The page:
Dad pulls a scroll of paper from one of the dozens of crumpling boxes stacked in a chilly warehouse near Santa Cruz, Calif. He gently unrolls it, and a familiar reddish ink pattern appears on the delicate grid.
“Ah,” he says. “This is Ozma.”
His fingertip traces the inky magenta line, and he squints at the faded, penciled-in numbers inscribed near the line’s peaks and valleys. “Is that your handwriting?” I ask. It doesn’t look anything like his. “Nope,” he answers. “It must be the telescope operator’s.”
The scroll my father, Frank Drake, is holding is more than a half-century old. It’s part of the data he collected during an experiment known as Project Ozma. Named after a character in L. Frank Baum’s Oz series, the project was the first scientific search for extraterrestrial intelligent life. From April to July, 1960, astronomers in Green Bank, West Virginia monitored two nearby, sun-like stars for artificial radio signals—signs that an interstellar intelligence inhabited Earth’s starry skies, that humans were not adrift in an incessantly quiet cosmic ocean.
The entire endeavor cost $2,000.
Dad was in charge; at just 29 years old, he had been planning and building the necessary equipment for the last year and half. He’d determined that the Green Bank telescope should be able to detect radio transmissions coming from up to 10 light-years away, if they were at least as strong as Earth’s. So he selected two nearby stars, Tau Ceti and Epsilon Eridani, to aim the telescope at. He built antennas and receivers and amplifiers, and picked a band of radio frequencies to monitor. He came up with a plan to follow if a signal were detected.
“For all we knew at the time, almost every star had strong radio signals coming from it,” he says. “We might look at only a few stars and succeed.”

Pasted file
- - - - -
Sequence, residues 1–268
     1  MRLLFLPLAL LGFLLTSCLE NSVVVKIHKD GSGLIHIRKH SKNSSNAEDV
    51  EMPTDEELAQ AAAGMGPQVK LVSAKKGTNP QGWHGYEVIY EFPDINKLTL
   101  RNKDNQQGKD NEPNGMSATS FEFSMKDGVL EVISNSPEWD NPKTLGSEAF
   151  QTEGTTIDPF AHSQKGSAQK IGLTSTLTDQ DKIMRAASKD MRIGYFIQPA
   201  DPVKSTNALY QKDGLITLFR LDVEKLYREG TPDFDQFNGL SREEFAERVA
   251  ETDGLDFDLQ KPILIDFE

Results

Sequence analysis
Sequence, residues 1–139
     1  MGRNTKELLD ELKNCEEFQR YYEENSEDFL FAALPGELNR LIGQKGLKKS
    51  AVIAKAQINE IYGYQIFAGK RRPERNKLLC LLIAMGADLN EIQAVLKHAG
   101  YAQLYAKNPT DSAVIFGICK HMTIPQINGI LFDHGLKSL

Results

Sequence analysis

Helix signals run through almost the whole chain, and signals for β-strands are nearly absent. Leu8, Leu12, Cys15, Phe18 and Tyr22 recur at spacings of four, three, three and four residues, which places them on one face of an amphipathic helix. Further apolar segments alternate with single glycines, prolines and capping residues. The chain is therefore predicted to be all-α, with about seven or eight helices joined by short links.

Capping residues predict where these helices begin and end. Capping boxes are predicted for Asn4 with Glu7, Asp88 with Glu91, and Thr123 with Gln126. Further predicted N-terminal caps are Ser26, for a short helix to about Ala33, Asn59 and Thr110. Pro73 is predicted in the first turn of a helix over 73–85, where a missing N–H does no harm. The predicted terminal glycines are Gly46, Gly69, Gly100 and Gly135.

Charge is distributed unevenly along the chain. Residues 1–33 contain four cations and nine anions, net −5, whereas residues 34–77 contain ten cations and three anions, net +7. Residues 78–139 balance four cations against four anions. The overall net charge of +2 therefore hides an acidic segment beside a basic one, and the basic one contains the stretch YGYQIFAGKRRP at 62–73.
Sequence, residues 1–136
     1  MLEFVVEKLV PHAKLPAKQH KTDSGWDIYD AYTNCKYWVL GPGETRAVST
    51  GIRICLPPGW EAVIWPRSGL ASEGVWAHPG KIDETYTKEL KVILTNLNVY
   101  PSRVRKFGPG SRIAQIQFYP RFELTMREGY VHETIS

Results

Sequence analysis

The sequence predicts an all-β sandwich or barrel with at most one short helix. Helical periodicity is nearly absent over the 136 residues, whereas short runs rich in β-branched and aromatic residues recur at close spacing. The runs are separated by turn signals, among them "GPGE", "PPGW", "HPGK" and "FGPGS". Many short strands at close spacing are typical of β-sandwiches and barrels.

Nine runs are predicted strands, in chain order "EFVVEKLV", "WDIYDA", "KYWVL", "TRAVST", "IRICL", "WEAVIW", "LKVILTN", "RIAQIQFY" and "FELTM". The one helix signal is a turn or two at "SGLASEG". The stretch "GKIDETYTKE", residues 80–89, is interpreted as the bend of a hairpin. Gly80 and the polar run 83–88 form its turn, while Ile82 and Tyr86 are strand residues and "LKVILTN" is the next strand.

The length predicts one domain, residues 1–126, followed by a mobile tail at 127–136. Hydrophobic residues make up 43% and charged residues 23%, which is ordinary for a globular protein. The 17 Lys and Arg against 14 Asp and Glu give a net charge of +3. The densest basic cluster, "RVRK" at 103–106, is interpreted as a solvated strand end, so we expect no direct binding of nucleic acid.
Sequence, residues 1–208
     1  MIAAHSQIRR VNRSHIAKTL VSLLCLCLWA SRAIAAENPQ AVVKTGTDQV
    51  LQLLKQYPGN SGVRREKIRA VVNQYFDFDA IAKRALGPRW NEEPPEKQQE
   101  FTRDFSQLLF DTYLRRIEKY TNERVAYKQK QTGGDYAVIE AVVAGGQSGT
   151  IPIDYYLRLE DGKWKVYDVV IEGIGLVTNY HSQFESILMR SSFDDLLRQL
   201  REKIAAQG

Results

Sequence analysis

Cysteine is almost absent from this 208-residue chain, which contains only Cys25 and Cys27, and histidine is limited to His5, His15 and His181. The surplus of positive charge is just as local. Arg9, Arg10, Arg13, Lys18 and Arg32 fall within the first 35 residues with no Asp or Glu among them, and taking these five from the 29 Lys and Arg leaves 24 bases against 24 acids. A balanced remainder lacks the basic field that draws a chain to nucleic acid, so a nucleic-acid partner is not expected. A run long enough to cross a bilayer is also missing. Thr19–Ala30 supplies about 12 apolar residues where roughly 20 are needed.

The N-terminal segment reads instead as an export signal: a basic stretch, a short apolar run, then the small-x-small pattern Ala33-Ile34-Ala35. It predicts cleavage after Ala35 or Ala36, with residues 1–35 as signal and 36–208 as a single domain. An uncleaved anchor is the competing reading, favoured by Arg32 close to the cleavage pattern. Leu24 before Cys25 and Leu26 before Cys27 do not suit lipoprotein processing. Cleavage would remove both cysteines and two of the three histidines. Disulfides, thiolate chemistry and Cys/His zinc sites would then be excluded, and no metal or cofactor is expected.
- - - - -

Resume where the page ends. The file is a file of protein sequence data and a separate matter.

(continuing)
Finally, before dawn on a chilly West Virginia morning, Dad climbed up the observatory’s 85-foot telescope, fiddled with a finicky signal amplifier, and kicked off an experiment that would ignite decades of scientific discourse about extraterrestrial civilizations. Over the next four months, dozens of scrolls like the one we were staring at would come rolling out of the pen-and-ink data recorder, each bearing a bright red record of radio static from the universe.
Of course, in the end, Tau Ceti and Epsilon Eridani showed no signs of hosting intelligent life. “That was a disappointment,” Dad says. “But as time went on, we began to realize that’s the way the universe is, and it’s not our fault.”
The search is far from over. Increasingly, we’re finding that the ingredients necessary for life on Earth are abundant in the cosmos. Water, organic molecules, and even amino acids—so basic to life as we know it—have been found in space.
And the Milky Way, our home galaxy, is stuffed with planets. Even Project Ozma’s target stars have them. “Planets are plentiful,” astrophysicist Neil DeGrasse Tyson confidently stated last night in the first episode of Cosmos: A Spacetime Odyssey, which shows again tonight on the National Geographic Channel. “They outnumber the stars.”